By Richard Martin
REUTERS - Real Madrid's injury crisis worsened on Sunday when influential defender Sergio Ramos was forced off in Spain's 2-0 World Cup qualifying win away to Albania with a knee strain that could sideline him for up to a month.
The centre back received treatment on the pitch after falling awkwardly while contesting a corner but was substituted by coach Julen Lopetegui in the 80th minute.
"Sergio's injury looks like a strain and we hope that's all it is but the doctors are the ones who have to determine what it is. He's a very important player for us and his club," the coach told a news conference.
Ramos will undergo further tests when he returns to the Spanish capital on Monday to determine the extent of his injury.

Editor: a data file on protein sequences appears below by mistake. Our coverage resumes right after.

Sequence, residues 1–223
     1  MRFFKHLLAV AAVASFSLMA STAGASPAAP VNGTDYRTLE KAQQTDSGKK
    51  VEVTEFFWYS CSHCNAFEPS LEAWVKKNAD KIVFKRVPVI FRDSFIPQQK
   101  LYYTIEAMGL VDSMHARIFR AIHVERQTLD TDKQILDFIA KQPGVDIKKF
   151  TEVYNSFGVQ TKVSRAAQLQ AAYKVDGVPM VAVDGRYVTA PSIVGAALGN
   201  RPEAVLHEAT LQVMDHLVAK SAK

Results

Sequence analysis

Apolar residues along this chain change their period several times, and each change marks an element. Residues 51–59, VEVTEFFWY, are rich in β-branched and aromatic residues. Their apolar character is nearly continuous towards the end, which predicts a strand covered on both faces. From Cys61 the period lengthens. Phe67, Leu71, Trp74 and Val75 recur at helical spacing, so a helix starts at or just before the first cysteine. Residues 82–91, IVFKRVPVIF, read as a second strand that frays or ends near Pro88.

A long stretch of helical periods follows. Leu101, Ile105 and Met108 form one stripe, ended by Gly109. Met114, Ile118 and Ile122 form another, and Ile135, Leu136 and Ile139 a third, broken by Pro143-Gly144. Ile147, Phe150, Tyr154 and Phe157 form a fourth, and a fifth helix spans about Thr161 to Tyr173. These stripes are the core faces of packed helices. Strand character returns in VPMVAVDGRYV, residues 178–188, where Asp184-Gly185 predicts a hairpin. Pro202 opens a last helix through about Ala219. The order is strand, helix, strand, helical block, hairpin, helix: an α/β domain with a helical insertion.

Although Ramos has endured a stumbling start to the season, conceding four penalties for club and country, his absence will be keenly felt by Real and coach Zinedine Zidane, who has recently been without Brazilian duo Marcelo and Casemiro and midfield maestro Luka Modric.
The former Real great has also faced serious criticism for the team's stuttering run of four consecutive draws in all competitions, which culminated in a shock 1-1 draw at home to Eibar last Sunday.
Ramos is likely to miss Real's La Liga games against Real Betis, Athletic Bilbao, Alaves and Leganes and two Champions League group games with Legia Warsaw.
He is also doubtful for Spain's World Cup qualifier with Macedonia on Nov. 12 and friendly versus England on Nov. 15.
If his recovery goes according to plan, the 30-year-old will return to action in time for the Madrid derby against neighbours and La Liga leaders Atletico Madrid on Nov. 20.
Marcelo is set to return from his calf injury to face Betis on Saturday but Casemiro, credited with balancing the team last season and helping Real set a joint record 16 straight league wins, is not due back until the end of October as he recovers from a fractured fibula.
Real's Croatia midfielder Modric, nursing a knee problem, is not expected to return until the start of November.
(Reporting by Richard Martin; Editing by Ken Ferris)